Why, asks the RAND study on “Social and Emotional learning interventions under the ESSA,” should teachers, schools, and communities undertake SEL interventions?  Well, three major reasons are:

First, research suggests that an emphasis on SEL can enhance, rather than detract from, schools’ core missions of promoting academic achievement and attainment…. Second, evidence suggests that explicit SEL interventions are effective in helping students develop social and emotional competencies and improve other aspects of students’ lives above and beyond the effects of academic achievement… Finally, in recent years, most states have revised their academic standards or adopted new ones [that]  have broadened the range of competencies that students are expected to demonstrate—for example, by increasing the emphasis on communication, collaboration, and persistence.

The “interventions” suggested (I quote the RAND report, which makes a typical list)  include direct instruction on these competencies, as well as

general teaching practices that support classroom environments characterized by shared expectations, positive relationships, and other features that promote SEL (e.g., use of  group work to facilitate collaboration)…integration of SEL instruction into the academic curriculum (e.g., engaging students in complex mathematics problem-solving activities to help promote persistence in addition to mathematics learning) efforts to create a schoolwide climate and conditions that foster SEL, including new disciplinary approaches and a common vision.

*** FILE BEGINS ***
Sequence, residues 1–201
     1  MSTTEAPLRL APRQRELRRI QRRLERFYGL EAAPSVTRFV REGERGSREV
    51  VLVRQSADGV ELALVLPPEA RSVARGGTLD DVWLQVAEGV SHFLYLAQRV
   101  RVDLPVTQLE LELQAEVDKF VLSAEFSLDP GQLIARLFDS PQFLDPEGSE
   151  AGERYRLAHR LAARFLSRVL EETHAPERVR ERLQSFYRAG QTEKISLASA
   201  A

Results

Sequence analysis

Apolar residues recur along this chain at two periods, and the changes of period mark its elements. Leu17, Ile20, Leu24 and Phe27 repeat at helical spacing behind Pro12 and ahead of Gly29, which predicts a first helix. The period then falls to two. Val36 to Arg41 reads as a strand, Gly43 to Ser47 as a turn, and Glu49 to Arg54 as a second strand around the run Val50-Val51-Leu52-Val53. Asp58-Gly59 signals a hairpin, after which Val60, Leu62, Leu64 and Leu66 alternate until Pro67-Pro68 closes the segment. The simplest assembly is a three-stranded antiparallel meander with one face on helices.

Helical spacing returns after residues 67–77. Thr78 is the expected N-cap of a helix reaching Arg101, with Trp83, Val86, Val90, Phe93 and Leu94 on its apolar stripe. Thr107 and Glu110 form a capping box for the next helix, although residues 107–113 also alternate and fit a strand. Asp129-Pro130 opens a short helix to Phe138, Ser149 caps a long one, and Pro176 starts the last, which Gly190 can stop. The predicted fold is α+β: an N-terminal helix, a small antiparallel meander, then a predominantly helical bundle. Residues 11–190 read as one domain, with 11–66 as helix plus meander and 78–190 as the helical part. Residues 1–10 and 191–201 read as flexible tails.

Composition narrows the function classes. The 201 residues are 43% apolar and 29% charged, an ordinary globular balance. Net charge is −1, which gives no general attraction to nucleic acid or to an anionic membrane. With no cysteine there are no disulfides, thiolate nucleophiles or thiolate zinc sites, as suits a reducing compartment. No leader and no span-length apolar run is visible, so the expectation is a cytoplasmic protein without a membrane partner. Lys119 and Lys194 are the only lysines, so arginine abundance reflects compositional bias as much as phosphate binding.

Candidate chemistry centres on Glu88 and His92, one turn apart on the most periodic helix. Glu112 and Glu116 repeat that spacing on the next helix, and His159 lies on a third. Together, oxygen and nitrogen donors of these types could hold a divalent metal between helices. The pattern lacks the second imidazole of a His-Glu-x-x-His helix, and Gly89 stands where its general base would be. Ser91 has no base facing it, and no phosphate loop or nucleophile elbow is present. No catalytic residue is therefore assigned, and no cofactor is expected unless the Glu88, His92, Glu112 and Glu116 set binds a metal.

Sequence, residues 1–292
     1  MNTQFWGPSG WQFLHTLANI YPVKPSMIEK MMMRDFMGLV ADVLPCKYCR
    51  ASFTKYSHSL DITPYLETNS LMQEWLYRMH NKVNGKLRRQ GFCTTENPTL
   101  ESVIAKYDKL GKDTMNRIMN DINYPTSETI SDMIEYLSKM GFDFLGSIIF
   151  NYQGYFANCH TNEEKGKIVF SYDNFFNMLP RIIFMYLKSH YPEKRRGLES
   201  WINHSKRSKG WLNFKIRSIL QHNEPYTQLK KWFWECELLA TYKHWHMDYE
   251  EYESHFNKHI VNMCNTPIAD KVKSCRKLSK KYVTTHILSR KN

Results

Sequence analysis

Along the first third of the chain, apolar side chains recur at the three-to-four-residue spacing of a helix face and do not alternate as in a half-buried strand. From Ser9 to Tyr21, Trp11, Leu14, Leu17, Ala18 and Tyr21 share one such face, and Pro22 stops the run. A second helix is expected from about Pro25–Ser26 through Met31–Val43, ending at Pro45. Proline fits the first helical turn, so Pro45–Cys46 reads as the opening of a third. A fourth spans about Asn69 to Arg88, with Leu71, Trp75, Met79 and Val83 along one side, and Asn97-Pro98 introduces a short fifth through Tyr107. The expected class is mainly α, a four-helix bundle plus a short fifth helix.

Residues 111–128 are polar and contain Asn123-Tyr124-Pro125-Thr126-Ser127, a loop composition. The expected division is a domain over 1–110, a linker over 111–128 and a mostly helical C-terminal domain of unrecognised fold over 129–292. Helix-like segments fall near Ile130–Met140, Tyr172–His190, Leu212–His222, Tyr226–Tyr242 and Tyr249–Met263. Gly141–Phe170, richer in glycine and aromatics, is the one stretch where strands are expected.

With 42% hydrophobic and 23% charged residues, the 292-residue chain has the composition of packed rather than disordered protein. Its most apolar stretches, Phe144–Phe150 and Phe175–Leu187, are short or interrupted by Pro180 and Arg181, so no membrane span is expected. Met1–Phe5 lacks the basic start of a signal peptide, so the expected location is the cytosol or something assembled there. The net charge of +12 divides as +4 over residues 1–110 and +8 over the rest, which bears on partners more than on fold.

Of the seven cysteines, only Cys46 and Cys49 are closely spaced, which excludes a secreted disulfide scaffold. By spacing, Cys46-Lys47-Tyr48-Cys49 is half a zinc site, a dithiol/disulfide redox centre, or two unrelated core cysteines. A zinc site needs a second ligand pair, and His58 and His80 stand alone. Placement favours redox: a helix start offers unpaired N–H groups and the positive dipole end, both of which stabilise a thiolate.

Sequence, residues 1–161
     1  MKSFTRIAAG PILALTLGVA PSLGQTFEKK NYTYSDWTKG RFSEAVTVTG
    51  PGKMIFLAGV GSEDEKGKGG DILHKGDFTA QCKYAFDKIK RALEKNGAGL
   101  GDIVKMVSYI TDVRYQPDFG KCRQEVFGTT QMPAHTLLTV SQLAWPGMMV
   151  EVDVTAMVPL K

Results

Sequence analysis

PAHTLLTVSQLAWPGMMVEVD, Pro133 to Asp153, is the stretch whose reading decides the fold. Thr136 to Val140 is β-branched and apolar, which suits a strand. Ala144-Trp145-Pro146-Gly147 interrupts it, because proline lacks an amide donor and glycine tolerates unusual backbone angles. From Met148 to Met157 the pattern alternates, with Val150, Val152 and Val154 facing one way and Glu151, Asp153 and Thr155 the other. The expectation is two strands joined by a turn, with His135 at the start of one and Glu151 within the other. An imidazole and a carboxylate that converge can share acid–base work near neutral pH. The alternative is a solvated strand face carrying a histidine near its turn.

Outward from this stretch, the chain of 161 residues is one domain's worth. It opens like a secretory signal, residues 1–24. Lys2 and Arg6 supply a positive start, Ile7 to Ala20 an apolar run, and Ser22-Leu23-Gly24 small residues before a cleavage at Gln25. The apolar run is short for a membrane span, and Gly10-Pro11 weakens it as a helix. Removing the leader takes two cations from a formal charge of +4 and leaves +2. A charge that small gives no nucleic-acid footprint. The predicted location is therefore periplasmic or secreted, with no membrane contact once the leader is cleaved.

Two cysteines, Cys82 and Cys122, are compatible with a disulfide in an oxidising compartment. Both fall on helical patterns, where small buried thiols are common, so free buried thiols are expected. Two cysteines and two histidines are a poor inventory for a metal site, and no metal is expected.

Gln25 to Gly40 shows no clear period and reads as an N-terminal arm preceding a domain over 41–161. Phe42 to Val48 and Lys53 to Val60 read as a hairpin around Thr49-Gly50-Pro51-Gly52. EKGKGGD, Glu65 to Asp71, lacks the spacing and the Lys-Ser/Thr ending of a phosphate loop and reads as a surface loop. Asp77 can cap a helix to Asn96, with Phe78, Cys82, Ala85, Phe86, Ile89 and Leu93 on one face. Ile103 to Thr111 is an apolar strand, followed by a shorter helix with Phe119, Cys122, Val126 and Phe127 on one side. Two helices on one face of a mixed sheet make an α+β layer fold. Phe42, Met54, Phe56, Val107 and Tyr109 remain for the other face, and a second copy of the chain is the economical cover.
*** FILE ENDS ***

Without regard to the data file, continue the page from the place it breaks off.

Now, I can’t help but feel that something is odd when “facilitating group work” or “engaging students in compex problem-solving activities,” not to mention a safe and secure school environment, are treated as “interventions” otherwise not to be found in school life, and even given the “learning progressions” treatment (though in the IES “Review” linked above, this is called “vertical integration”). Why the “recent policy interest?    I suspect that these ingredients of a rich and constructive learning experience are not news to most teachers, most adminstrators, most parents, most students.  Makes no sense, unless “recent policy interest” means a discovery that the pendulum has swung rather too far in the direction of standardized testing of concepts and skills in a narrow range of subjects.  This is Peter Greene’s take, in a post from last December:

I pin the return of SEL on the rise of test-centered learning, on a rising tide of people looking around and saying, “Oh, yeah– I suppose there is more to learning to be a grown-up human than just bubbling answers on a Big Standardized Test.”

Yet I am reminded of Twain’s (?) comment that history doesn’t repeat itself but rather rhymes.  The recognition that There is More to Learning than academics is now necessarily expressed in a policy vocabulary that reflects what Jal Mehta in Teachers College Record called “the penetration of technocratic logic into the educational field.”

Hence, SEL is operationalized as competencies, which can be parametrized for measurement, data collection, and commodification — and the next few posts will address each of these in turn.

For homework, check out Audrey Watters’s 10th entry in her review of “top-ed tech stories” for 2017:  “Education technology and the new behaviorism.”

NOTE:  The opinions expressed on this blog are those of the author, and not necessarily those of MSPnet, TERC, or the National Science Foundation.